Practicing the minimum health standards remains the best defense of commuters against the coronavirus disease 2019 (Covid-19), a Department of Health (DOH) official said on Wednesday.
DOH Undersecretary Maria Rosario Vergeire, in an online media forum, made this remark in response to suggestions of random testing for those who take the public transportation, especially the Metro Rail Transit (MRT), to go to work.
“Lahat naman ng rekomendasyon sa iba’t ibang eksperto ay aming tinatanggap iyan at pinag-aaralan, pero kailangan din nating tingnan ang kakayanan ng ating (We accept and study the recommendation of various experts, but we also need to check the capacity of our) health system,” Vergeire said.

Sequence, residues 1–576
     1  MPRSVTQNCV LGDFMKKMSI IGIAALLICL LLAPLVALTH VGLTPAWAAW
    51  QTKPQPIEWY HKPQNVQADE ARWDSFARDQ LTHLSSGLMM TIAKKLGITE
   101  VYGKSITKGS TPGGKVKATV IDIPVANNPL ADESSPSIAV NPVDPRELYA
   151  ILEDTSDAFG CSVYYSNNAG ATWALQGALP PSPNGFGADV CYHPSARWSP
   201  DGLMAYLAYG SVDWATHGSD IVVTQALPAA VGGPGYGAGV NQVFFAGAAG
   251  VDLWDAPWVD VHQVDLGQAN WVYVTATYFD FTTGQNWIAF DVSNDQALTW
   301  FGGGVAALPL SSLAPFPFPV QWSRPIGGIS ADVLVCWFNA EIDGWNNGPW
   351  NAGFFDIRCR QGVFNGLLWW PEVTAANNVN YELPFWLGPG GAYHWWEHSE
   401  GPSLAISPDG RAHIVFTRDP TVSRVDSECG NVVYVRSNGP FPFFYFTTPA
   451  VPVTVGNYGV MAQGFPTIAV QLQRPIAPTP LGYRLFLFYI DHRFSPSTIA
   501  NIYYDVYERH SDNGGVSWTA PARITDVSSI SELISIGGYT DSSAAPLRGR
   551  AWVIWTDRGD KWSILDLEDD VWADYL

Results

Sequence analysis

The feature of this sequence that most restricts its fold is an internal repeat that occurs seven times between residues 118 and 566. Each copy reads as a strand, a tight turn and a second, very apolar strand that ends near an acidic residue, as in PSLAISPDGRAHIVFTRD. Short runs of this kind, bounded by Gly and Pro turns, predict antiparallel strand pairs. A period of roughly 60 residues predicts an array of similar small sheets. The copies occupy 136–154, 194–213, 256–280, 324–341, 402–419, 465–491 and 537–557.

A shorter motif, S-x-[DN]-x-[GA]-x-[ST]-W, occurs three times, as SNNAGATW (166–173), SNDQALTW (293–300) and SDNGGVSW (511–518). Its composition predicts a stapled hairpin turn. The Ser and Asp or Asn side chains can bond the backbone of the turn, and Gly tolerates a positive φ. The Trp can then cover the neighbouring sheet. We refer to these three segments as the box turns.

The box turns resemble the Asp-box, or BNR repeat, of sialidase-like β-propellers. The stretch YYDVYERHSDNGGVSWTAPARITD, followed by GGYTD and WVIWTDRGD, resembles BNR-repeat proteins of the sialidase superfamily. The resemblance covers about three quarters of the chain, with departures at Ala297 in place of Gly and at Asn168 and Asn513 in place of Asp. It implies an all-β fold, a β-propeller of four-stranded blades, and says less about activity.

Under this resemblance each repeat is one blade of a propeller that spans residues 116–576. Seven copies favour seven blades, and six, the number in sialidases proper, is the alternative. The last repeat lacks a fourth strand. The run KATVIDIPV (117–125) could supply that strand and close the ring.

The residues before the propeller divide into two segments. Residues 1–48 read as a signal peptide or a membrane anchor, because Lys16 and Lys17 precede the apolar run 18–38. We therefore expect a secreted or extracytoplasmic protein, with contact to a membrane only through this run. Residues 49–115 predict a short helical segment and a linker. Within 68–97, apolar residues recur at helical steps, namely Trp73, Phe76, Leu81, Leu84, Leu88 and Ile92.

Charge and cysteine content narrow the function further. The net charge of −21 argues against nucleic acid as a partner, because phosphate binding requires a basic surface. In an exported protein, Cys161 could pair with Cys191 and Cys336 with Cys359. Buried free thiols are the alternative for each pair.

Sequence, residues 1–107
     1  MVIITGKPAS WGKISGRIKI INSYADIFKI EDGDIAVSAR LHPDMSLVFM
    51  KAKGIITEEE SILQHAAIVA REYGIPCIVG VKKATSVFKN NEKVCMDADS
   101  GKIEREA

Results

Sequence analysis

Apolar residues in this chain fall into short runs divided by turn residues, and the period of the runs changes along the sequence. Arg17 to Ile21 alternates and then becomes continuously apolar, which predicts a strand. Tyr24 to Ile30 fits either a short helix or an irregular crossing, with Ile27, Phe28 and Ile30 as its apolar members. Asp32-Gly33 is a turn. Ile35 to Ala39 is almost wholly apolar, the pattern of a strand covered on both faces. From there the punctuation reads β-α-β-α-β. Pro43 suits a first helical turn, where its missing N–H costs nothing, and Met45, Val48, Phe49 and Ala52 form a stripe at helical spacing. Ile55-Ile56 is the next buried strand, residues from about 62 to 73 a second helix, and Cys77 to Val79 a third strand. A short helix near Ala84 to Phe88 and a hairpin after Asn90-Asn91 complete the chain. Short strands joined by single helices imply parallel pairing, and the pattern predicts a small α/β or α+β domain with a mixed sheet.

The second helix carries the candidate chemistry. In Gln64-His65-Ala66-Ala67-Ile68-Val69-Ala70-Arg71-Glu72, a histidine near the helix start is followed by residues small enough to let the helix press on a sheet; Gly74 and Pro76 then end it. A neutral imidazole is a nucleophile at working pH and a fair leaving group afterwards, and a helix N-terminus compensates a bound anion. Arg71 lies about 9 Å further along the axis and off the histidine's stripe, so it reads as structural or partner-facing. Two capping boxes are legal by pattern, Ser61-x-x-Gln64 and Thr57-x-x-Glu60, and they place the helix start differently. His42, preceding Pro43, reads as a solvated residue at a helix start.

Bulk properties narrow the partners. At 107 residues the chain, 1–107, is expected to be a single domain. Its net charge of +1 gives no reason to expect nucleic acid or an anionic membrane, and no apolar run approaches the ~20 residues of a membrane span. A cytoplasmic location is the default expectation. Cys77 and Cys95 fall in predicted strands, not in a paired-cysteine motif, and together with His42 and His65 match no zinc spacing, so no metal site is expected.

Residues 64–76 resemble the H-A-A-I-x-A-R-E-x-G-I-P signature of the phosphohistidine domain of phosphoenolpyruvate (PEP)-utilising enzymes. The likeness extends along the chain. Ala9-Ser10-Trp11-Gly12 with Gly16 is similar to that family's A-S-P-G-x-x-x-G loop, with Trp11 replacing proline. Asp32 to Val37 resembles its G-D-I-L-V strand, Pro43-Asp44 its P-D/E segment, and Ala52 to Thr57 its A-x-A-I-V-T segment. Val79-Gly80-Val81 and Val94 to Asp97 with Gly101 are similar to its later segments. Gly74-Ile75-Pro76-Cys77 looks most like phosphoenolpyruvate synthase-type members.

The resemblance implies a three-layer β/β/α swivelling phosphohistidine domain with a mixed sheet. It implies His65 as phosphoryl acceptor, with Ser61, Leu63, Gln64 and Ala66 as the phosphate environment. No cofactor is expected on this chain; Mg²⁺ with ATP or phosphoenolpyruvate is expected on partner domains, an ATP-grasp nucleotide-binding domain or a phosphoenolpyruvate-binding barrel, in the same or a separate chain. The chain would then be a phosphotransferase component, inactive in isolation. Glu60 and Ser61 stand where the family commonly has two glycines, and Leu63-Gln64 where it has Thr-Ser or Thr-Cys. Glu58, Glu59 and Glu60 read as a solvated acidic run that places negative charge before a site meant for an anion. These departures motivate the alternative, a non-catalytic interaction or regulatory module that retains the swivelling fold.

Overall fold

Dr. Guido David, a member of the UP-OCTA Research, suggested the limitation of public transportation as more than 200 MRT-3 personnel contracted Covid-19.
David also recommended mass randomized testing to identify commuters infected with Covid-19 but are asymptomatic.
His suggestion must be carefully studied because it is “resource intensive”, Vergeire said.
“Testing is a point in time event. Kapag tinest kita ngayon, maaaring bukas may bago ka nang exposure, ite-test pa kita ulit? Kahit wala tayong nagagawang ganyang (If I test you today, you might get a new exposure tomorrow, will I test you again tomorrow? Even if we’re unable to perform such) testing we’ll just enforce our minimum health standards,” she added.
Health authorities and the government have been constantly reminding the public to observe minimum health standards such as wearing of face masks, washing of hands, and observing safe physical distancing.
These practices, Vergeire said, have been proven to decrease the number of Covid-19 infections. (PNA)